An "overwhelmed" Larry McCarthy was lost for words after being elected President of the GAA, the first time ever that an overseas candidate has assumed the role. 

McCarthy was elected the first overseas president of the GAA in a historic and dramatic vote at Congress on February 28. 

The New York candidate will assume the role of president next year and will hold the title until 2024. He will replace the outgoing John Horan to become the 40th President of the GAA. 

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McCarthy was elected on the fourth count with 142 votes and beat Jarlath Burns, his closest rival, by 10 votes. 

In his acceptance speech, McCarthy said that the campaign was a "wonderful, hard-fought campaign," and thanked his fellow candidates for their courage throughout the campaign. 

He also thanked the New York Sligo GAA club, who nominated him for the role last September. 

The newly-elected president finished his speech by saying "I'll see yous all in Ned's."

Ned Devine's is a pub on McLean Avenue in the Bronx where the New York GAA is "discussed, argued, and sometimes even fought over," according to McCarthy. 

McCarthy was echoing the words of former Dublin captain Bryan Cullen, who famously shouted: "I'll see yous all in Coppers" after leading Dublin to the All Ireland football title in 2011. 

McCarthy, however, said he has no intention of ever setting foot in the renowned Irish establishment in his life. 

Larry Mc Carthy ...from New York gave me a few words after his exciting victory in an incredibly tense election to become the next President of the GAA . ⁦@RTEsport⁩ ⁦@RTEgaa⁩ ⁦@TheSundayGame⁩ ⁦@NewYorkGAApic.twitter.com/WfRIuxEB4p

— Marty Morrissey (@MartyM_RTE) February 28, 2020

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The vote was highly dramatic. 

Both McCarthy and Burns were locked on 110 votes each after the third count, but McCarthy surged past the quota of 139 with the transfers he received from the unsuccessful Jim Bolger. He trailed Burns by 17 votes after the first count.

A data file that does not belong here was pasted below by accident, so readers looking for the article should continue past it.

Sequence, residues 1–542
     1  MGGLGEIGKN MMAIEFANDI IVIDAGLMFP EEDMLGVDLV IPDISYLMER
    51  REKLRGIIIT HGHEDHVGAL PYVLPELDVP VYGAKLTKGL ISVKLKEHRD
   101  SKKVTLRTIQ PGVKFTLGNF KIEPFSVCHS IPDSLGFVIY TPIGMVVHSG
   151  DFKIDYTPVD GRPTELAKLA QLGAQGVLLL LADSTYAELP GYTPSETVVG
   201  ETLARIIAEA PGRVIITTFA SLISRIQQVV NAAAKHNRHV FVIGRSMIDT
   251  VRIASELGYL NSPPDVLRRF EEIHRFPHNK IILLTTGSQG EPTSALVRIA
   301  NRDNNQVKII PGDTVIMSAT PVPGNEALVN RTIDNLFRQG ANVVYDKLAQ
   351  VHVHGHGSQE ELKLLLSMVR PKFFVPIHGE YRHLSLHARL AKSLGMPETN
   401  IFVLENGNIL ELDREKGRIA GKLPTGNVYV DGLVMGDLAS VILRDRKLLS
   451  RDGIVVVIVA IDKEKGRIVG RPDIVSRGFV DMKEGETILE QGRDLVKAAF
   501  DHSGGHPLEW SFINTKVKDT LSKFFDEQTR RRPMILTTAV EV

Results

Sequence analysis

McCarthy was lost for words when he spoke to RTÉ's Marty Morrissey after the vote. 

"It was an exhausting count," he said. "It worked out in the end but it proved that the No 2 votes were decisive in this election."

McCarthy campaigned on a number of issues and said that he would try to balance the tensions within the GAA.

"I identify three [issues] currently: obviously the club versus county fixtures; between colleges and schools and the under-20 football championship; and then managing the GPA and our relationship with county players."

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He said that the outstanding duty of the president is to ensure that most people are satisfied and told the Irish Times that his background in sports management would bring a different perspective to the role. 

Born in Cork, McCarthy moved to New York in 1985 to do a master's degree. 

He has served as Secretary of New York GAA for six years and Chairman for three and has close ties to the Sligo GAA club in the city. 

He works as a lecturer in Sports Management at Seton Hall University.

He will reportedly move back to Ireland to serve his three-year term as president. 

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